Genotype data in Chinese Han in Beijing (CHB) from HapMap phase Ⅱ and Ⅲ were downloaded from the HapMap genotype dataset (http://hapmap.ncbi.nlm.nih.gov/). Then, pairwise tagging in the Tagger module in Haploview version 4.2 program (http://www.broad.mit.edu/mpg/haploview/) was also carried out to select SNPs that could capture the common genetic variations (r2>0.8). Furthermore, physical distance between SNPs and minor allele frequency (MAF)>0.05 were considered. Therefore, twelve tagged SNPs in CACAN1A were selected from 13214919 bp to 13488269 bp on chromosome 19 with a mean inter-SNP distance of 23 Kb (GRCH38, National Center for Biotechnology Information [NCBI]) (Fig 1).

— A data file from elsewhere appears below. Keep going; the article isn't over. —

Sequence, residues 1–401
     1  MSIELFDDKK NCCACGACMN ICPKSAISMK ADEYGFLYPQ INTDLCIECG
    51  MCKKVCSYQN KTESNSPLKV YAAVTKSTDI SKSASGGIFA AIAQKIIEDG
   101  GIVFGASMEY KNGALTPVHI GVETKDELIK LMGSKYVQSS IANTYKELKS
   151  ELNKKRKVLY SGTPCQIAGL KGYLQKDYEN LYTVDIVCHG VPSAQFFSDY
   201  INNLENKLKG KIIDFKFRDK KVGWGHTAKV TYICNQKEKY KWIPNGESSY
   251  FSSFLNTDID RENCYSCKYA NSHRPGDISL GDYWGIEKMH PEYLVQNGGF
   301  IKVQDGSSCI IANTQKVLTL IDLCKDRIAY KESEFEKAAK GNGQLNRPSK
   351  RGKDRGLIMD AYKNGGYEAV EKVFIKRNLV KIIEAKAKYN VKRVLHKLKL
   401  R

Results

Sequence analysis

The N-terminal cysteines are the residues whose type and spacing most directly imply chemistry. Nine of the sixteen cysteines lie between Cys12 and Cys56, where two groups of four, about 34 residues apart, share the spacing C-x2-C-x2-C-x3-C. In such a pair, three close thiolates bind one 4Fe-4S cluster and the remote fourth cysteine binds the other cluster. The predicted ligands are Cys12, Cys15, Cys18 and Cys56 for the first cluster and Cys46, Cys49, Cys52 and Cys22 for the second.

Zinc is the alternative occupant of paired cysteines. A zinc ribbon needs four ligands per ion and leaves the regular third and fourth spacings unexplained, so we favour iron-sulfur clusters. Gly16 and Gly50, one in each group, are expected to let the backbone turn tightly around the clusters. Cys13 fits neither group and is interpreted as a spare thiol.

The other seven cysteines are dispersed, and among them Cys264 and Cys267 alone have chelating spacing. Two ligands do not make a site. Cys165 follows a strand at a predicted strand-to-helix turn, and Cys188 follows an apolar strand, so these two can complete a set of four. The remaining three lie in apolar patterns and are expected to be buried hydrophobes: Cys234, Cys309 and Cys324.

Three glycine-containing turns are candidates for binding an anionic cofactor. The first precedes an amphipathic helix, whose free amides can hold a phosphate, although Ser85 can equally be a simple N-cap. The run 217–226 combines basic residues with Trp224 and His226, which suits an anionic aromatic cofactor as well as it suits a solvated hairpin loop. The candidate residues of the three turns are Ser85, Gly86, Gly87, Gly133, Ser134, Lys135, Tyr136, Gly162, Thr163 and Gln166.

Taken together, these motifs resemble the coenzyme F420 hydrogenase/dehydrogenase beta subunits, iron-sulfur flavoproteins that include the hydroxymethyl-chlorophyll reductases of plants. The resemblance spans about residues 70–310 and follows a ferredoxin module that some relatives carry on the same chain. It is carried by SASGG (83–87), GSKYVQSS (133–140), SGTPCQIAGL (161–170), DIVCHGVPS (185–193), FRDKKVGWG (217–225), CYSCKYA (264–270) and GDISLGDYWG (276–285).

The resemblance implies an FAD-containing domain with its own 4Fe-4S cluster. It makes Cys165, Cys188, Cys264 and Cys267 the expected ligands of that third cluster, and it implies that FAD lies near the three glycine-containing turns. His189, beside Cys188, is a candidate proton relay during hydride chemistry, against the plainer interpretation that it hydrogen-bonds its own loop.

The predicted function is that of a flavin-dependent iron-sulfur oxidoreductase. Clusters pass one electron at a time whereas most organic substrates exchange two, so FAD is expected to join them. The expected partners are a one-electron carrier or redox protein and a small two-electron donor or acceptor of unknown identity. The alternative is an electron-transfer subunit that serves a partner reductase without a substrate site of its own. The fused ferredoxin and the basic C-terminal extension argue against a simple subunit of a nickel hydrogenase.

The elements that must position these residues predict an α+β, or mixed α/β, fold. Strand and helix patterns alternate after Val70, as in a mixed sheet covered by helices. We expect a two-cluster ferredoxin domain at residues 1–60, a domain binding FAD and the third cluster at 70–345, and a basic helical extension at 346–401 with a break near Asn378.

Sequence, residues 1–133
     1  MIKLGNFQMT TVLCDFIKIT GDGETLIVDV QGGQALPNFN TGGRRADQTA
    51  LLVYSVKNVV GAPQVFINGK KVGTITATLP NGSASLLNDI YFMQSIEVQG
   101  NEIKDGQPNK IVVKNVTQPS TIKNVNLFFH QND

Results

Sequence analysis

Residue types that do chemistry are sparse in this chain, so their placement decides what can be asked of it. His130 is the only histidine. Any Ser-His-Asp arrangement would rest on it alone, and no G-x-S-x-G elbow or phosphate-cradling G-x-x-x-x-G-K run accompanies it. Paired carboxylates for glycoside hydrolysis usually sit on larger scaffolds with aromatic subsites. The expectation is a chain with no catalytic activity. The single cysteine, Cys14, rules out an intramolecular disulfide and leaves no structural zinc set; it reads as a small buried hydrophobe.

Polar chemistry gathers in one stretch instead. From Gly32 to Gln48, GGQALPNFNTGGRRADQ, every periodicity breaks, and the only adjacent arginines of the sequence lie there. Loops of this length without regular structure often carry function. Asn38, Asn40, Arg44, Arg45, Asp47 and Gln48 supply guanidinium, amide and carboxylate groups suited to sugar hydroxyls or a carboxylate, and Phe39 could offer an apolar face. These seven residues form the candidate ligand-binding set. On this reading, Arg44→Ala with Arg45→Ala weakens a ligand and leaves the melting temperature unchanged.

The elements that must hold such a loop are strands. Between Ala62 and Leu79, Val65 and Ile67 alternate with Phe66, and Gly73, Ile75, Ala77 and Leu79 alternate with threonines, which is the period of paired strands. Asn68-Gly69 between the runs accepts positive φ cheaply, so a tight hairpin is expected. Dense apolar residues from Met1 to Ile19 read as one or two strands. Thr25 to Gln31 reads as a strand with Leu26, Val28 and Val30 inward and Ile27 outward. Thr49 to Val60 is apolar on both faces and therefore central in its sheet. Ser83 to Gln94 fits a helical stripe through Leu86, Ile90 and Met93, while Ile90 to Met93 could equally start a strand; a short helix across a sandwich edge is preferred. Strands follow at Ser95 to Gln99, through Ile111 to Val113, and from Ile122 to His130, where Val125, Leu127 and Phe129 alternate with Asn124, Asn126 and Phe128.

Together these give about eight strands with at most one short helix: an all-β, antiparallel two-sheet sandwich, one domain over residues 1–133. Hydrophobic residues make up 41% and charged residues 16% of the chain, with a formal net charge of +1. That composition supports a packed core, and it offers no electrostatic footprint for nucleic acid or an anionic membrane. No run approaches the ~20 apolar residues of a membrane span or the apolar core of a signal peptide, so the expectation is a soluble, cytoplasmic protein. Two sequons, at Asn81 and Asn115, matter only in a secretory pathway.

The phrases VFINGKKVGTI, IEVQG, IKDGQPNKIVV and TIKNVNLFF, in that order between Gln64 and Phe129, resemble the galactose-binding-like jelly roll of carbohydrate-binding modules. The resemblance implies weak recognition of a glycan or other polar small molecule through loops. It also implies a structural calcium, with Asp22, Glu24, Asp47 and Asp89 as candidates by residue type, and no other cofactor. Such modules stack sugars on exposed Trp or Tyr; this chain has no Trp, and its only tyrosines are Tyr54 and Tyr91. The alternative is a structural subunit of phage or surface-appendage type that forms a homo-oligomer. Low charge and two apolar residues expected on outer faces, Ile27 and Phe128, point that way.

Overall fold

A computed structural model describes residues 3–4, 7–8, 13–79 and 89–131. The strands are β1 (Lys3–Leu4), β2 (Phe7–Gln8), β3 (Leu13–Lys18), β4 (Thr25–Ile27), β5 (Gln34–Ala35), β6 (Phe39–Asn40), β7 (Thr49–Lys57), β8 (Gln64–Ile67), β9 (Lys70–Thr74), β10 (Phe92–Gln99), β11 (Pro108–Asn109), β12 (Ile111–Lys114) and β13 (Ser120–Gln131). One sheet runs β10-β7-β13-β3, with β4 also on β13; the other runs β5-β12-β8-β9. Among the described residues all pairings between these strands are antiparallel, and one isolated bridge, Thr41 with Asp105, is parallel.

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Fig 1. A diagram of the position of selected 12 SNPs in CACNA1A.

A diagram of the structure of CACNA1A, exons are in black. The selected 12 SNPs were noted.

https://doi.org/10.1371/journal.pone.0142887.g001

All SNPs were genotyped using the Sequenom genotyping platform (http://www.sequenom.com/), which uses the MALDI-TOF (matrix-assisted laser desorption/ionization time-of-flight) primer extension assay. Primers were designed according to the sequence of the forward strand from the dbSNP database (http://www.ncbi.nlm.nih.gov/SNP/). The iPlex genotyping assay was used, which resulted in increased plexing efficiency and flexibility for the MassARRAY system through single base primer extension with mass-modified terminators [24,25].

Statistical analysis